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It's our third morning in space and Mission Control wakes us with more rock music.  Everyone is feeling great.  The one crewmember who had been vomiting is now completely well.  One of the crew floats me a foil pouch of coffee and I sip it while watching the giant satellite I released yesterday.  It's many miles away but the reflecting sunlight has turned it into a morning star brighter than Venus.

Yes, it's a great day.
Then a call comes from Mission Control that changes my mood.

"Atlantis...Houston.  We were wondering if you saw anything break off the top of the right booster during ascent?"
The Commander grabs the microphone.  "Negative, Houston.  Ascent looked nominal.  What's up?"
"In a review of the ground films of your launch, engineers thought they saw something come off the tip of the booster."
I get a sickening feeling in my stomach.  We all do.  If something broke off, it could have hit the belly of the shuttle.  The belly is covered with thousands of very fragile heat tiles.  They're made out of silica, the same stuff that's in sand, and they could be destroyed by an impact.  That doesn't affect us while we're in space.  But on reentry, Atlantis and everything in her, could be turned into ash by the 3000 degrees of air friction.  The heat tiles are the only thing that protects us from burning up.

But what can we do?  How can we see the belly of the shuttle to know if it's damaged?  The NASA team has the answer.

"Atlantis, we want Mike to use the robot arm to look at the belly.  We're transmitting some instructions on how to do that."

Once again the team is depending upon me.  But now I'll be doing something that I haven't practiced.  They want me to bend the robot arm around the side of the shuttle and look underneath.  The TV camera on the end of the arm will transmit pictures of what the belly looks like.
I'll have to be extra careful.  The arm will be bent at a crazy angle.  It will be very close to the shuttle.  One mistake and I could damage the tile for sure.
As I grab the joy sticks and begin the maneuver, I'm scared at what I'll see.  Suppose there's a lot of damage?  There's no way we could repair it.  There's no way to space walk to the belly of the shuttle and, even if we could, we wouldn't have any tools to make a repair.

I shiver in fear as I imagine what would happen to Atlantis if there is major damage.  On reentry, fire would melt a hole in the belly and then start burning through wires and equipment.  Alarms would sound in the cockpit as hydraulic pumps, electrical generators, computers, and other equipment began to fail.  The fire alarm would go off as the heat started a fire in the cockpit.  The other Mission Specialists and I would leave our seats to fight the blaze.  But the reentry g-forces would make me weigh 360 lbs.  My legs would buckle and I would crash to the floor and have to crawl to the fire.  Air would start leaking out and a shrieking hiss would be added to all the other alarms.  To keep us alive, our pressure suits would automatically inflate making the arms and legs as hard as an inflated tire.  We would be like the Tin Man in the Wizard of Oz movie.  We would barely be able to move.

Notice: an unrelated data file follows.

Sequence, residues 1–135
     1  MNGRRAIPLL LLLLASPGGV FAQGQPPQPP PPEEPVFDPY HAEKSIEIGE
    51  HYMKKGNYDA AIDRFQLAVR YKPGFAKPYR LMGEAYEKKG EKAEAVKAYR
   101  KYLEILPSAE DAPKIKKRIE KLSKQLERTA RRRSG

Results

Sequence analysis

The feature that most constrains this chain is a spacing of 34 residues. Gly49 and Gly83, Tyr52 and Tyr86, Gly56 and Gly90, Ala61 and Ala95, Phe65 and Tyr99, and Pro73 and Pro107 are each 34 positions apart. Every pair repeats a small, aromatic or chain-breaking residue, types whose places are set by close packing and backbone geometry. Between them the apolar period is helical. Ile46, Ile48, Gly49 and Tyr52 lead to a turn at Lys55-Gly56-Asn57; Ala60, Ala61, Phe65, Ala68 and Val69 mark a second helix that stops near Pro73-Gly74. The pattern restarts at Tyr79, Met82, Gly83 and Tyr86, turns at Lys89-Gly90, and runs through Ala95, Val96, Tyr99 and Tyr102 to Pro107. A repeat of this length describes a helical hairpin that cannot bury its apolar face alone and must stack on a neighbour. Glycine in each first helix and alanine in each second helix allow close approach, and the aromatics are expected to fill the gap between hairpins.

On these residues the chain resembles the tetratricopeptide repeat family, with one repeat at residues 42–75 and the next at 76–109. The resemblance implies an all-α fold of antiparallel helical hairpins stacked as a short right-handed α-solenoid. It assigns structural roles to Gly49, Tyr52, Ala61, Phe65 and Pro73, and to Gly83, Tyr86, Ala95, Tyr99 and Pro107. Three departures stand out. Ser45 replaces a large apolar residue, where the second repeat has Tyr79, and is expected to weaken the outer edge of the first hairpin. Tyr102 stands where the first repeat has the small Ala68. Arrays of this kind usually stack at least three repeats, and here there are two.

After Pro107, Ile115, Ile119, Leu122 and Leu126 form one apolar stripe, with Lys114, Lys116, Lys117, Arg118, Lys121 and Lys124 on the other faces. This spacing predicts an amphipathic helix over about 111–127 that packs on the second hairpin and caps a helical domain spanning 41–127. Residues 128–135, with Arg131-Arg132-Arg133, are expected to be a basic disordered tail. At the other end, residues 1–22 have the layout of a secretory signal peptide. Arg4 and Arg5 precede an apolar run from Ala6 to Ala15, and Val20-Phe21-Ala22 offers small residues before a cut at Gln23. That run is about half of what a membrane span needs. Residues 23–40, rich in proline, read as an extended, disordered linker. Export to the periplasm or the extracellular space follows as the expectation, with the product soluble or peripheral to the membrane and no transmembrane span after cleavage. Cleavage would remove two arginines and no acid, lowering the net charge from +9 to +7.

Meanwhile, the Commander and Pilot would be doing everything possible to keep the shuttle flying straight.  They would be madly flipping through checklists and shouting emergency procedures to each other.  But in the end, atmospheric friction would win the battle.  The shuttle would start groaning and vibrating as pieces of the wing burned off.  The last hydraulic pump would explode and the shuttle would slowly spin out of control.  From the ground it would appear like a giant shooting star, scattering flaming pieces of aluminum across the sky.  I would be dead.
That's what I'm thinking as I carefully twist the robot arm under the fuselage.

Finally, the belly heat tiles come into view on the television screen.  We gasp!  Hundreds of tiles are scraped and gouged!  At least one tile is completely missing.  What's going to happen to us on reentry?

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